“We were going up against a very strong barrier for the first three to four years,” says Nicole Gendron, BVCHC communications manager and project manager for portal implementation. “Only in the last year has it become available in Spanish. We are hoping this will drive up our enrollment numbers.”
Next: 4 tips to market your patient portal
Next: Embracing secure messaging
Many physicians remain reluctant to adopt portal technology out of fear that secure messaging with patients will cause them to lose control over their personal time or expose them to increased liability. But Daniel Brown, MD, of Family Medicine Associates in South Attleboro, Massachusetts, has embraced email communication with his patients and has been rewarded for it.
“It ends up being one of those unpredictable factors that increase the bond between provider and patient by increasing the level of trust or comfort,” he says. “I especially love receiving comments that say, ‘Wow! I can’t believe how fast you got back to me.’ The portal is a very, very significant factor not only in my satisfaction as a provider but also the satisfaction of my patients.”
Brown, whose 12-provider private practice has registered 75% of its patients for the portal, responds to patient messages periodically during the evenings and weekends, a habit he believes ultimately makes his workweek more efficient and enjoyable.
“If I check five or six times over the course of a weekend and take care of 15 or 20 messages that may have come in, that makes Monday morning a lot easier, “ he explains. “If some nights, I go back and see if anything has come in, it will make tomorrow morning a lot easier.”
Occasionally, a patient will send him a never-ending email, a problem Brown solves with a no-nonsense reply.
“I tell patients upfront that if I get a long message from you, my response will be: ‘I’m your doc, not your pen pal. Too much here for this format. Let’s have you come into the office,” he says.
Brown, who uses athenaCommunicator, says the portal and related add-on services produce benefits that go beyond decreasing phone calls and reducing mailing costs.
“The portal helps increase my efficiency and productivity by helping to shape a patient’s next visit or by not tying up a spot in office for someone who has a new problem, a higher reimbursed visit, rather than a quickie follow-up just to find out that cream worked and the rash is gone,” he says.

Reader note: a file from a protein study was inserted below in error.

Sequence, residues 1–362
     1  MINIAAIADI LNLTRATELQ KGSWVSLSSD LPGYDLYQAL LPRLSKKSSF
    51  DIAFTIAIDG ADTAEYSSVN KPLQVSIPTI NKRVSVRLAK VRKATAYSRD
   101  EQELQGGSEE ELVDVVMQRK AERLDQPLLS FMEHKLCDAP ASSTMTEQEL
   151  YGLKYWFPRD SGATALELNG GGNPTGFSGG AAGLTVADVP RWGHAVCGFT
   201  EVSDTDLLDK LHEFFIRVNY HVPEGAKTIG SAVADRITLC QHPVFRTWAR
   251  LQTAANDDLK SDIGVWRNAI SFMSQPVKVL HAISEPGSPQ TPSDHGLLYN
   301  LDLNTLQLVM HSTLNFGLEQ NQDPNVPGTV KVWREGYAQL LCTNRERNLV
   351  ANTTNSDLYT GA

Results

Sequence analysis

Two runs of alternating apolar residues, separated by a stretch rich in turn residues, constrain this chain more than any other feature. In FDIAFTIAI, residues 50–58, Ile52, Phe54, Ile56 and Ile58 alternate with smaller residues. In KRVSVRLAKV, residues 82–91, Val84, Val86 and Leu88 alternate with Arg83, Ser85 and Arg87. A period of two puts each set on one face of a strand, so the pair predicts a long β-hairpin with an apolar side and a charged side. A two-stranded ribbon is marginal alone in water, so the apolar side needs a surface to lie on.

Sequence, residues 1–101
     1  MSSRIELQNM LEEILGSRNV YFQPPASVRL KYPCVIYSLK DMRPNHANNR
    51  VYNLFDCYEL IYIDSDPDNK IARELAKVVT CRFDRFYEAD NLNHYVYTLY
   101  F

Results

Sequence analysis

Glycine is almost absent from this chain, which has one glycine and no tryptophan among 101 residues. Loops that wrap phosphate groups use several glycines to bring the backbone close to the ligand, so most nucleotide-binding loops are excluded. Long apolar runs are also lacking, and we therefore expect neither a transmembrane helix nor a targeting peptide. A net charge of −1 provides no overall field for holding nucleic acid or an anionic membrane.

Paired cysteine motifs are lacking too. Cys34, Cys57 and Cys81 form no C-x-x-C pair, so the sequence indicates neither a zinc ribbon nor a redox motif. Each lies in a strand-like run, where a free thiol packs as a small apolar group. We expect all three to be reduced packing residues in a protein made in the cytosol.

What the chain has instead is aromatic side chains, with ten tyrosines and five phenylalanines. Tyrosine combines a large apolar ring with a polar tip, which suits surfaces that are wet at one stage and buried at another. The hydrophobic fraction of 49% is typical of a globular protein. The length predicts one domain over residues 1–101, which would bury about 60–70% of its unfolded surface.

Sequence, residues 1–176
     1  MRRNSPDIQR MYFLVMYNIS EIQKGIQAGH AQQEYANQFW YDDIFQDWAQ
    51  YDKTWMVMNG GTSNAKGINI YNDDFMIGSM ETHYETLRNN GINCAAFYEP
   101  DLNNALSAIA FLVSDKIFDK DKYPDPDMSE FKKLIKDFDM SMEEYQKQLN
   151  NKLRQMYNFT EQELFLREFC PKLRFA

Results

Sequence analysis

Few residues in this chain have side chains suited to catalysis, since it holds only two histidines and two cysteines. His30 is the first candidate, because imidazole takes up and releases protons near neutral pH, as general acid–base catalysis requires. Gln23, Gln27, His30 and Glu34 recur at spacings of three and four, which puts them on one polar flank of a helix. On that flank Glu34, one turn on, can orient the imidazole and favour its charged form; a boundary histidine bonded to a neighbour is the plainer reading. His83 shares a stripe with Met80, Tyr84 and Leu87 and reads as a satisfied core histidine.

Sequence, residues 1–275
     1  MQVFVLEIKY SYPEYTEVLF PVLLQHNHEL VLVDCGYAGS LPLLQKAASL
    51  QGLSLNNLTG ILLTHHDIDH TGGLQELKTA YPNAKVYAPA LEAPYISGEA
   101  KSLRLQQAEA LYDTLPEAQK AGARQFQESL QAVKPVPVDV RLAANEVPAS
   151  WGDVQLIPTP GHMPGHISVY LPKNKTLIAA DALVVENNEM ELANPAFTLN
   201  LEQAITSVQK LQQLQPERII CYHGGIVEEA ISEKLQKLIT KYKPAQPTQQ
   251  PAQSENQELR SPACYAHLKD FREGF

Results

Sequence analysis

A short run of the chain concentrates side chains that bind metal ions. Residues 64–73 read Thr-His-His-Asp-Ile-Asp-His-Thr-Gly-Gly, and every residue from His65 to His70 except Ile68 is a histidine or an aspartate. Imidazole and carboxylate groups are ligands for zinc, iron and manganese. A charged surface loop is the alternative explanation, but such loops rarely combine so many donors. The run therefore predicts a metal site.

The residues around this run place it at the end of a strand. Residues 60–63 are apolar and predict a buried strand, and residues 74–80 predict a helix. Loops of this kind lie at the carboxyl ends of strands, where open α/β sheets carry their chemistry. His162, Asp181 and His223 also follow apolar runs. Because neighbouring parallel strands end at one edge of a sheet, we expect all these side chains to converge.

Salvatore S. Volpe, MD, a Staten Island, New York-based internist and Medical Economics editorial board member, suggests providers attend more Health Information Management Systems Society meetings so they can see firsthand the money-saving advantages today’s rapidly improving portals offer.
Volpe estimates his eClinicalWorks portal saved him “at least half a full-time employee” by streamlining appointments and reducing calls to the office for medical refills and referral requests. He also praises use of a mobile app that enables patients to share their health information with any doctor with Internet access.
While debate continues over charging patients for portal access, Volpe agrees with the providers who view the technology as a part of doing business and a product that can pay for itself.
“I decided I wasn’t going to charge people for it,” says Volpe. “It introduced efficiencies into my office, which covered whatever additional cost there were to have a portal.”
Financial considerations have stopped him from opening the portal’s secure messaging feature to patients, however.
“Once Medicare starts reimbursing, I’ll build it into my workflow,” he says, “But until it gets reimbursed, it is hard enough to do patient-centered medical home and not get reimbursed from CMS [Centers for Medicare and Medicaid Services]. To add this additional feature would be very hard.”
Next: The future of the portal
As portals continue to evolve, Ernst & Young’s Oldenburg hopes physicians “reframe” their view of the technology and no longer see it as “one more thing that is being thrown at them.”
“It is something that can be transformative in the way they practice medicine and transformative for their relationships with patients and the loyalty they build,” she says.
But Joanne Rohde, chief executive officer of Axial Exchange in Raleigh, North Carolina, believes patients will not fully embrace portals until the technology becomes a gateway to self-care, not simply an alternative to phoning their doctor’s office.
“Patients definitely want to get more involved in their own healthcare, but patient portals right now aren’t necessarily the right mechanisms to do so,” she says. “Patient portals as mandated by MU2 are doing administrative tasks, such as appointments and refills. They aren’t making sure you are managing your blood pressure. They are not making sure you understand your disease state. That’s what the industry needs to move toward for self-care.”
Rohde is hopeful Apple’s new “Health” app, a partnership with Epic and Mayo Clinic, may provide the kick-start healthcare needs.
“The key is getting both the patient and the physician to step on the treadmill, because we are in an Internet-enabled world and healthcare is the last industry not to be,” she says.